Saturday, August 30, 2008

P3s. Courtesy Alex

Some more great aircraft photography from Alex.
In this shot, Alex has captured the final stages of gear retraction.
Another fine shot. Of particular interest for me, because these aircraft, (P3 Orions) are what I worked on while in the RAAF. 11 Squadron (P3Bs) and 492 Squadron - which was the maintenance squadron of 92 Wing - that wing then consisting of 492 Sqn, 10 Sqn (P3Cs), and 11 Sqn (Bs). These days it's all Cs, but when I first joined, 10 Sqn still had Neppys - P2V Neptunes.

An interesting story on Neptunes from Wikipedia on the 'Truculent Turtle';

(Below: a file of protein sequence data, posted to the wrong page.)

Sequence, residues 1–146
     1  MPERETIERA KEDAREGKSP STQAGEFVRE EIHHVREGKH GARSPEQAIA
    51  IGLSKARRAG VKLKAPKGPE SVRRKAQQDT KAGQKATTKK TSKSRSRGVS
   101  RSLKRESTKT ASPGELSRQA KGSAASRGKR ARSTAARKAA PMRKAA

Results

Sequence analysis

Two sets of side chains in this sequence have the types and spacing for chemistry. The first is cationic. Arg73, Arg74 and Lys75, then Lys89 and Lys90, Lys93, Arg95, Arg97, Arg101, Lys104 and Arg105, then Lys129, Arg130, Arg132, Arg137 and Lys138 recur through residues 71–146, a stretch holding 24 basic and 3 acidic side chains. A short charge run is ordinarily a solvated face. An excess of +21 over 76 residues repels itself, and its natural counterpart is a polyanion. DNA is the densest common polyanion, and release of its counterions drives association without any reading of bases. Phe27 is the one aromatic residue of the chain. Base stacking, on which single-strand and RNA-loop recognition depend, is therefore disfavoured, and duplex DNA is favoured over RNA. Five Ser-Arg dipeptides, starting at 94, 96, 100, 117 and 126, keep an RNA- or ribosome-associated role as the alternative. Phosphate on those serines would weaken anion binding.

"...Loaded with fuel in extra tanks fitted in practically every spare space in the aircraft, the Turtle set out from Perth, Australia to the United States. With time, the aircraft has come to be called "Truculent Turtle" but, in fact, its nickname was simply "The Turtle"; which was painted on the aircraft's nose (along with a cartoon of a turtle smoking a pipe pedaling a device attached to a propeller). With a crew of four (and a nine-month-old gray kangaroo, a gift from Australia for the Washington, D.C zoo) the plane set off on September 9, 1946, with a RATO rocket-assisted takeoff. Two and a half days later, the Turtle touched down in Columbus, Ohio, 11,236.6 miles (18,083.6 km) from its starting point. It was the longest unrefuelled flight made to that point—4,000 miles (6,400 km) longer than the USAF's B-29 Superfortress record. This would stand as the absolute unrefueled distance record until 1962 (beaten by a USAF B-52 Stratofortress), and would remain as a piston-engined record until 1986 when Dick Rutan's Voyager would break it in the process of circumnavigating the globe...".

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